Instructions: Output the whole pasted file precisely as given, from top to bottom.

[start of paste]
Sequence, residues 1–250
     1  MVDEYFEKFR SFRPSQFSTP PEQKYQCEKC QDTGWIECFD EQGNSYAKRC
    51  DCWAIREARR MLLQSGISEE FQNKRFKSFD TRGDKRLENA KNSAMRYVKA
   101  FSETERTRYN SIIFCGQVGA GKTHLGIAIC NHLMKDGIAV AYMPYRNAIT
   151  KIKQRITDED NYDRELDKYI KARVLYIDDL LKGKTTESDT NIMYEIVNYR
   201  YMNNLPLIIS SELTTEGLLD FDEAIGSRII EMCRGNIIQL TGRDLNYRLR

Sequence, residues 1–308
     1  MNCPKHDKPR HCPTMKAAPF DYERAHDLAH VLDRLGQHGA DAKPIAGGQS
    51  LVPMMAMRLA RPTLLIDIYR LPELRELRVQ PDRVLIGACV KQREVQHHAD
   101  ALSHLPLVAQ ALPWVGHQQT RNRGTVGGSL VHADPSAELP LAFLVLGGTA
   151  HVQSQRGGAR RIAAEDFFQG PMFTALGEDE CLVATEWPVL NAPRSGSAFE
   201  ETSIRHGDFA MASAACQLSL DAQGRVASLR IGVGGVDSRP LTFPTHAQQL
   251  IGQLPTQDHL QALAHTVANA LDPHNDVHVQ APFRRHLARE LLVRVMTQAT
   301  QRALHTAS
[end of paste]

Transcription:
Sequence, residues 1–250
     1  MVDEYFEKFR SFRPSQFSTP PEQKYQCEKC QDTGWIECFD EQGNSYAKRC
    51  DCWAIREARR MLLQSGISEE FQNKRFKSFD TRGDKRLENA KNSAMRYVKA
   101  FSETERTRYN SIIFCGQVGA GKTHLGIAIC NHLMKDGIAV AYMPYRNAIT
   151  KIKQRITDED NYDRELDKYI KARVLYIDDL LKGKTTESDT NIMYEIVNYR
   201  YMNNLPLIIS SELTTEGLLD FDEAIGSRII EMCRGNIIQL TGRDLNYRLR

Sequence, residues 1–308
     1  MNCPKHDKPR HCPTMKAAPF DYERAHDLAH VLDRLGQHGA DAKPIAGGQS
    51  LVPMMAMRLA RPTLLIDIYR LPELRELRVQ PDRVLIGACV KQREVQHHAD
   101  ALSHLPLVAQ ALPWVGHQQT RNRGTVGGSL VHADPSAELP LAFLVLGGTA
   151  HVQSQRGGAR RIAAEDFFQG PMFTALGEDE CLVATEWPVL NAPRSGSAFE
   201  ETSIRHGDFA MASAACQLSL DAQGRVASLR IGVGGVDSRP LTFPTHAQQL
   251  IGQLPTQDHL QALAHTVANA LDPHNDVHVQ APFRRHLARE LLVRVMTQAT
   301  QRALHTAS